Looking at Duchenne’s work allowed me to consider portrait photography’s deceiving ways.It can essentially trick the viewer into believing that the person they are looking at are who they appear to be, when in reality they are a fabrication of the photographer or a fabrication of what they want the viewer to see them as.His decision to use photography suits his ideas of unperfected beauty and his portrayal of these models as they are, without having to fit a physically pleasing role.Duchenne’s photographs also give me perspective as far as understanding what his aesthetics were regarding the human face and human emotion.His idea that by looking at facial expression, one can conclude that authentic human emotion cannot be easily forged intrigues me. Although he utilized mental patients as models to experiment with his somewhat cruel hypothesis, his ideas about creating believable characters who possess convincing emotions reminds me of theater and how actors can switch from one character to another and still convince the viewer of a false persona.
Guillaume-Benjamin Duchenne was the son of a fisherman, descended from a long line of mariners who had settled in theBoulogne-sur-Mer region of France. In opposition to his father’s wishes that he become a sailor, and driven by an innate love for science, Duchenne enrolled at the University of Douai where he received his Baccalauréat at the age of 19. He then trained under a number of distinguised Paris physicians including René-Théophile-Hyacinthe Laënnec(1781–1826), Baron Guillaume Dupuytren (1777–1835),François Magendie (1783–1855), and Léon-Jean-Baptiste Cruveilhier (1791–1874). He graduated in medicine in Parisin 1831 and presented his Thèse de Médecine, a monograph on burns, before returning to his native Boulogne where he opened a practice. Duchenne married in 1831, but his wife died of puerperal fever during childbirth two years later. Duchenne’s mother in law spread rumours that the death of his wife was caused by the fact that only he was present at the delivery, and after this he was kept separate from his only son by his wife’s family, only to be reunited with him near the end of his life.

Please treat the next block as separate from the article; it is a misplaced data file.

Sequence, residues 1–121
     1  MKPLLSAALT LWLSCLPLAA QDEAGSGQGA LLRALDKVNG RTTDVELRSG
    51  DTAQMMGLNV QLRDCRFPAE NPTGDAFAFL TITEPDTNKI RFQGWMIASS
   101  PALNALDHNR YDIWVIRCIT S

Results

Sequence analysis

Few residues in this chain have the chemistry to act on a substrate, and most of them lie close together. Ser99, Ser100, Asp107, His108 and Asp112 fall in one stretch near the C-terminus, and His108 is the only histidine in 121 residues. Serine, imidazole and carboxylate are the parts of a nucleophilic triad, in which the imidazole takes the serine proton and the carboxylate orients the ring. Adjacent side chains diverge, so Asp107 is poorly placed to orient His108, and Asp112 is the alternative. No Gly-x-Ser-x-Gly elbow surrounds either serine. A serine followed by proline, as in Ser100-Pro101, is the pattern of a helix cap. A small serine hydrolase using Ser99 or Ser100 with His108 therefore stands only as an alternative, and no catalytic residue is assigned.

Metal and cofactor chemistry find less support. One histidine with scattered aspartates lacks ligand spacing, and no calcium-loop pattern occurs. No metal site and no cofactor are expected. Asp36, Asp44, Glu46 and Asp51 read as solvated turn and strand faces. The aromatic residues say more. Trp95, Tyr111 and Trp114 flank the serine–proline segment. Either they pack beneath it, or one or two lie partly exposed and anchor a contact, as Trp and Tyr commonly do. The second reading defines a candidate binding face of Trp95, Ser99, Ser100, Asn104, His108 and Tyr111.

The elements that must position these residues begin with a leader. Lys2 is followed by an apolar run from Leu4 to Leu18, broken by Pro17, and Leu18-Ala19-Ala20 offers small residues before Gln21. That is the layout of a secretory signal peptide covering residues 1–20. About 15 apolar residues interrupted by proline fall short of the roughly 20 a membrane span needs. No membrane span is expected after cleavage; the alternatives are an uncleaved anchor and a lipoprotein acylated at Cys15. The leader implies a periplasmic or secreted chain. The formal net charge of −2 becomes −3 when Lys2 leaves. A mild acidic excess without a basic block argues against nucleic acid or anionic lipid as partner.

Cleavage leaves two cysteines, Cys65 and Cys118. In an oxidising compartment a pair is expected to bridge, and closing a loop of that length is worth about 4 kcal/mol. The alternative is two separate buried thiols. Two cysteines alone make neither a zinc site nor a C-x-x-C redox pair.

In 1835, Duchenne began experimenting with therapeutic “électropuncture” (a technique recently invented by Magendie and Jean-Baptiste Sarlandière by which electric shock was administered beneath the skin with sharp electrodes to stimulate the muscles). After a brief and unhappy second marriage, Duchenne returned to Paris in 1842 in order to continue his medical research. There, he developed a non-invasive technique of muscle stimulation that used faradic shock on the surface of the skin, which he called “électrisation localisée“. He articulated these theories in his work, On Localized Electrization and its Application to Pathology and Therapy, first published in 1855. A pictorial supplement to the second edition, Album of Pathological Photographs (Album de Photographies Pathologiques) was published in 1862. A few months later, the first edition of his now much-discussed work, The Mechanism of Human Physiology, was published. Were it not for this small, but remarkable, work, his next publication, the result of nearly 20 years of study, Duchenne’s Physiology of Movements, Demonstrated with the Aid of Electrical Experimentation and Clinical Observation, and Applicable to the Study of Paralyses and Deformations, his most important contribution to medical science, might well have gone unnoticed.